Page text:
postmodernism as an outgrowth of liberal capitalism

Tue, 11 Mar 1997 17:26:43 -0500 (EST)
Adam K. Webb (akwebb@phoenix.Princeton.EDU)

Reply to Albert Bergeson on postmodernism as part of a particularist-
universalist alternation:

It would seem that there is a major qualitative difference between current
postmodernism/new social movements and the particularistic relativism that
AB sees in various historical periods. I am not a world-systems theorist
as such--or an orthodox Marxist--but it strikes me that postmodernism,
despite its radicalism, could emerge only from the social and ideological
milieu of advanced liberal capitalism. Most obviously, proponents of
postmodernism, by virtue of their origin in prosperous societies, display
a certain philosophical "randomness" that is undoubtedly linked to the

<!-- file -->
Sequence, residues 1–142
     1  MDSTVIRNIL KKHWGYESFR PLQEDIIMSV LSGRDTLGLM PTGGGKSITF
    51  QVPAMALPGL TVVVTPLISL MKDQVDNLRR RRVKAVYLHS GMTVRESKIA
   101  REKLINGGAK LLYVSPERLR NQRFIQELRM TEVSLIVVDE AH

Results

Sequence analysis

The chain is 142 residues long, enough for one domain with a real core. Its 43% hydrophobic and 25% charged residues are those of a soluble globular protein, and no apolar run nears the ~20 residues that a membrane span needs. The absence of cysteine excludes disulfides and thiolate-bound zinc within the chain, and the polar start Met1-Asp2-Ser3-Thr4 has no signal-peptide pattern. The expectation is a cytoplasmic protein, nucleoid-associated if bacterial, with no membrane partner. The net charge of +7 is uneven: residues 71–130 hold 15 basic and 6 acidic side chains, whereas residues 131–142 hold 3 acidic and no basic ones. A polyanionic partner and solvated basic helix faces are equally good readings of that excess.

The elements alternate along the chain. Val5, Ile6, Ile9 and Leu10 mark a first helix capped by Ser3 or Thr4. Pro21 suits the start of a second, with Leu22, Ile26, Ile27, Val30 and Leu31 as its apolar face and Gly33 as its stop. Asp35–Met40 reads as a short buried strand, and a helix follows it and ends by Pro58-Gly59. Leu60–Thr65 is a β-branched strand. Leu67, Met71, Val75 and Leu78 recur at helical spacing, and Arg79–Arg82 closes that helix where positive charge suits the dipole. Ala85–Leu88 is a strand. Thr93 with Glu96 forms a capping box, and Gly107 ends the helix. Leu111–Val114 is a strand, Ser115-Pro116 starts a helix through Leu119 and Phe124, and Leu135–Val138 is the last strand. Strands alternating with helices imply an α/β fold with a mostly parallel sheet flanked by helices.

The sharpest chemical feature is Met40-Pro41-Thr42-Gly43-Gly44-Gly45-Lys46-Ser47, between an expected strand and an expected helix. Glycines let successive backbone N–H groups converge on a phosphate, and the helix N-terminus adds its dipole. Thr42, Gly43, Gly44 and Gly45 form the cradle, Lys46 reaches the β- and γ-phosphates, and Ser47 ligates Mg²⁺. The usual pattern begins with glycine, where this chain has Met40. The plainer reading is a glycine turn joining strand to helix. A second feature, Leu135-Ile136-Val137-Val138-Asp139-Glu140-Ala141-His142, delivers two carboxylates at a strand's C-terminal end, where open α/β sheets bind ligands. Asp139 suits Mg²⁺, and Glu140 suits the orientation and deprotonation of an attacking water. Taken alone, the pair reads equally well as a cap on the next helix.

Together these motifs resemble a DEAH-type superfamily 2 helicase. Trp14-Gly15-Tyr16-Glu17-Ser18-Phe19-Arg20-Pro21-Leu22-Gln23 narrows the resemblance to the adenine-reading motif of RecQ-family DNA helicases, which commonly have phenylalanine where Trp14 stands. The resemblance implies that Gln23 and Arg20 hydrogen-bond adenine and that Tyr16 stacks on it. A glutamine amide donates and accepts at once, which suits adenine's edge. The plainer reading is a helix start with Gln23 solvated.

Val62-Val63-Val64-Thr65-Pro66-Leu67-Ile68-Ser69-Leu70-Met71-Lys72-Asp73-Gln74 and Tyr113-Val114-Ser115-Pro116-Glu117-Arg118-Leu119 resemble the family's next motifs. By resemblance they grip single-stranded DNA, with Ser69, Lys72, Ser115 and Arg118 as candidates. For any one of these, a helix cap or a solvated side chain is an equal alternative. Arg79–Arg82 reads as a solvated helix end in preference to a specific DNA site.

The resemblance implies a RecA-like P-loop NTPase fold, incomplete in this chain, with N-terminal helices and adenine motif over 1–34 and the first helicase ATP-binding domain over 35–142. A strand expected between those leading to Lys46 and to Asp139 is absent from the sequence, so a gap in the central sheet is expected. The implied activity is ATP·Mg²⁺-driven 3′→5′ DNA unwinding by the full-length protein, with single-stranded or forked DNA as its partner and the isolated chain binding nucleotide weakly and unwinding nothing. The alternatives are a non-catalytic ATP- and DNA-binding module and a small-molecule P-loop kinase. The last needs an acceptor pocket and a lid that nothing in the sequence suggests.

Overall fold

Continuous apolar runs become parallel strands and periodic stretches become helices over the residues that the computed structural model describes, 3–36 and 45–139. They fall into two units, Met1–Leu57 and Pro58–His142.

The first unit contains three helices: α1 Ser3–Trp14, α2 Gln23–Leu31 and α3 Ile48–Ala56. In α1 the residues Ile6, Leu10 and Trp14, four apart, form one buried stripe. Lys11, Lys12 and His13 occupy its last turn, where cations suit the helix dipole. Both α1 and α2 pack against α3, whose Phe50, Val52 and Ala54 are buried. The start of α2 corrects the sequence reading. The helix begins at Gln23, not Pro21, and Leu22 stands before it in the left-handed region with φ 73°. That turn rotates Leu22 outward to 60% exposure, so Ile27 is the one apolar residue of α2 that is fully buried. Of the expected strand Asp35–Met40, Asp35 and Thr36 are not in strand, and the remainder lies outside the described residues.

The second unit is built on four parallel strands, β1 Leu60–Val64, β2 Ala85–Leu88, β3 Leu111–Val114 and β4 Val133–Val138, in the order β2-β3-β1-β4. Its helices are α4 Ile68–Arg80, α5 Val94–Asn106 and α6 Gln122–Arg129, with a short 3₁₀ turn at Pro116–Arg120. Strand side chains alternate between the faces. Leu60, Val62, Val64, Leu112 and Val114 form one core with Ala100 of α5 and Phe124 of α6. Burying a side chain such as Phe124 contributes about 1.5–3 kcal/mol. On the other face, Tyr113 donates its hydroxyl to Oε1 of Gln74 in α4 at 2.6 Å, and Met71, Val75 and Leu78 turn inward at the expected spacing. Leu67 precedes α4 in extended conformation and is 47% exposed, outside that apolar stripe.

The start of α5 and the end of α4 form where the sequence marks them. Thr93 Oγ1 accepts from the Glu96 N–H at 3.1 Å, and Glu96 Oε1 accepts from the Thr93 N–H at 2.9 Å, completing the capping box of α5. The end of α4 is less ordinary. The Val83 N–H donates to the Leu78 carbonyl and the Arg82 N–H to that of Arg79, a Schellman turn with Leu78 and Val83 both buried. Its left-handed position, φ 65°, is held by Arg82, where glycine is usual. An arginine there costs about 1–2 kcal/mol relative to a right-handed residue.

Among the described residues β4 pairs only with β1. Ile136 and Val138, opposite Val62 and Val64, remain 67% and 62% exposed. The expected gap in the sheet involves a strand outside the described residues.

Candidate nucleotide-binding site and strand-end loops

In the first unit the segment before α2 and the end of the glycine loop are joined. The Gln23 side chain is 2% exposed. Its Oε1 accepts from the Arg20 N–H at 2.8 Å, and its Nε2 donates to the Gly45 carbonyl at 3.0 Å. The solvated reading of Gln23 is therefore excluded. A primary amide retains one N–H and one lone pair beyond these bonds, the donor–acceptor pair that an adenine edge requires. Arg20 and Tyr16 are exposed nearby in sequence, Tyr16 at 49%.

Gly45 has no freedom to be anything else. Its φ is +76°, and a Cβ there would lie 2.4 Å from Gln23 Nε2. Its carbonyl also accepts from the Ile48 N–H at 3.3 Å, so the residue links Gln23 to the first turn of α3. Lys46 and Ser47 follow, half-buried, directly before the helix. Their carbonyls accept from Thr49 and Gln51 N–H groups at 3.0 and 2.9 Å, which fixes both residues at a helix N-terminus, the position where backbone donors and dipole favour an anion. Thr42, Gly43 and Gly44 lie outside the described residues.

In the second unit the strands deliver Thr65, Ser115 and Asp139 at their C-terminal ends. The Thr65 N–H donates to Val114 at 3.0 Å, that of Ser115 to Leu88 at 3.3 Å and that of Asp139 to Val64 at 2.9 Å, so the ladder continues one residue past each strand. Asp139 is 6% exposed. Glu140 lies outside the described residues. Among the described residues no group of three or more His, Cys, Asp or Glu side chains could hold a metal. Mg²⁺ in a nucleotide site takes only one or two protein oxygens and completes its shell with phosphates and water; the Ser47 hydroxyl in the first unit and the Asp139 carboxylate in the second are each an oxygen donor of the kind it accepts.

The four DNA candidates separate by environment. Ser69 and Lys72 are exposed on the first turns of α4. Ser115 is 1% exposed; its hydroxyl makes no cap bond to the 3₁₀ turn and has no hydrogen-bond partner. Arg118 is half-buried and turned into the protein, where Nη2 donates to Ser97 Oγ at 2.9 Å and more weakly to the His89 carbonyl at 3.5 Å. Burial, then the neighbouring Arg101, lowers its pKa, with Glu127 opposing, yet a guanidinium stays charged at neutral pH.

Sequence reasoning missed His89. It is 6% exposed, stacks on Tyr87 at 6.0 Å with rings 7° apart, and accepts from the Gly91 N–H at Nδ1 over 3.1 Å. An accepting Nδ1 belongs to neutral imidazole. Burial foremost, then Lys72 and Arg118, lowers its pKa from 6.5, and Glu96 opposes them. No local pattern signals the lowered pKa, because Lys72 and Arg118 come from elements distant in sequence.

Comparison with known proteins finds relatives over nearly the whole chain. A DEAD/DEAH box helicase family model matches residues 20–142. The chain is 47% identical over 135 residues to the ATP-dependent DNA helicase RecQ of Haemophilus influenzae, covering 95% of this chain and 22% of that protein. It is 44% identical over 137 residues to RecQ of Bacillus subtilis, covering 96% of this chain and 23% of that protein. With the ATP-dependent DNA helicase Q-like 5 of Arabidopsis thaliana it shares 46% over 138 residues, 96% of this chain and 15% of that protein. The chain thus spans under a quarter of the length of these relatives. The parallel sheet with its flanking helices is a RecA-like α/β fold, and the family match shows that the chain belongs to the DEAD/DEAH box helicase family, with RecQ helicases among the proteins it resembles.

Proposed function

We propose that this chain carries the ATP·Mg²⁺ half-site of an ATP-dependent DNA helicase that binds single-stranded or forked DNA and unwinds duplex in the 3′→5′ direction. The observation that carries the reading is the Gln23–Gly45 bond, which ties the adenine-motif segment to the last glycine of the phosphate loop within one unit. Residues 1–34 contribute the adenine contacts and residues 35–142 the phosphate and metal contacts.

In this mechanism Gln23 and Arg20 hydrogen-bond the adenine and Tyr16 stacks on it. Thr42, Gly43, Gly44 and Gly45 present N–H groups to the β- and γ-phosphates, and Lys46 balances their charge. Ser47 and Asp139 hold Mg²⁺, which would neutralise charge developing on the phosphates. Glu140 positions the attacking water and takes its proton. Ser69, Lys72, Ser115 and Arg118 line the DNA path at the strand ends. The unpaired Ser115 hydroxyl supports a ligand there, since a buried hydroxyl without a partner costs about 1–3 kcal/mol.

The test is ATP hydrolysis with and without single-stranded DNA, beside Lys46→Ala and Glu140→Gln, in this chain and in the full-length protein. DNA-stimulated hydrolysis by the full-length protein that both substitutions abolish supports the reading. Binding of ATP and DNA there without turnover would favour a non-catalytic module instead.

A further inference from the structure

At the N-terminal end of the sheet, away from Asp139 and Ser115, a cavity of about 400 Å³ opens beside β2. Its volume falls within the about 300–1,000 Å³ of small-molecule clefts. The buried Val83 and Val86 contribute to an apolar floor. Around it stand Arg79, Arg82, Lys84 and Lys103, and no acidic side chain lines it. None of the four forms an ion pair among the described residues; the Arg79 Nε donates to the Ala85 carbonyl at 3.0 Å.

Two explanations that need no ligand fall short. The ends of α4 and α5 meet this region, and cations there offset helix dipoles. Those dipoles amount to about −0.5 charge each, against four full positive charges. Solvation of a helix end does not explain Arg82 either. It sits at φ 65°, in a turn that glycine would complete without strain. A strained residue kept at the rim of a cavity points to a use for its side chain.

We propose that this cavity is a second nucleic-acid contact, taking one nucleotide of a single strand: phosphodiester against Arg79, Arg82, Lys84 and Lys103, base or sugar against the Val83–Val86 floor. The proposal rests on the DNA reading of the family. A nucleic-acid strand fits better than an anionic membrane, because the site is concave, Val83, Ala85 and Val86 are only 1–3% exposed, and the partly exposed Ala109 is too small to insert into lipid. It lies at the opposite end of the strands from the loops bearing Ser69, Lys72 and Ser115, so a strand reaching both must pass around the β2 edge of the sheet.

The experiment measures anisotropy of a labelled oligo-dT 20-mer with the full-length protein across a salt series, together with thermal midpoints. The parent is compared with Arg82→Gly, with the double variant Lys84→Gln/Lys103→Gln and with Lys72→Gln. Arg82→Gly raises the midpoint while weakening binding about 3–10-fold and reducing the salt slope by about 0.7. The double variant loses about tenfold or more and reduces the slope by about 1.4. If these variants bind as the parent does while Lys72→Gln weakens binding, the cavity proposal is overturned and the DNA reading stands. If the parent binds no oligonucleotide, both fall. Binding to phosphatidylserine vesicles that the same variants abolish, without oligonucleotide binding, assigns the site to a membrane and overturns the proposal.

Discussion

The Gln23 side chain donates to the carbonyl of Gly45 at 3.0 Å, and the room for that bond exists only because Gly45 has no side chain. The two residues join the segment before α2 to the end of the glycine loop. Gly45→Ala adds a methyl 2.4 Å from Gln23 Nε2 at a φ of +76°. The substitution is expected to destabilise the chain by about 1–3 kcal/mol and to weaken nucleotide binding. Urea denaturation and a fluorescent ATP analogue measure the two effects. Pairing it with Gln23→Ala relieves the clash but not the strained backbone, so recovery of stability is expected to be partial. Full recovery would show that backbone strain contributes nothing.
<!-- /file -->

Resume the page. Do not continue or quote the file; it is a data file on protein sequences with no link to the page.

severing of a link to material conditions. More interesting, however, is
that despite their self-proclaimed radicalism, their discourse is so
heavily anchored in a liberal-capitalist "mental map" as to be almost
indistinguishable from it at the most fundamental level. Individual
autonomy, abdication of striving for certainty and consensus, wholesale
relativism, etc.--seem to have much in common with the notions of consumer
sovereignty that play such a vital role in the processes of their social
milieu. One wonders, however, whether postmodernism and the new social
movements associated with it represent an evolution of capitalism's
ideological underpinnings, such that this "relativism" will become the
"Core's" new hegemonic framework, diverting attention from more
substantive concerns, or whether they are merely a tangential striving for
a sense of political activism among those whose structural position in the
world economy affords them no other banners to grasp. Any thoughts?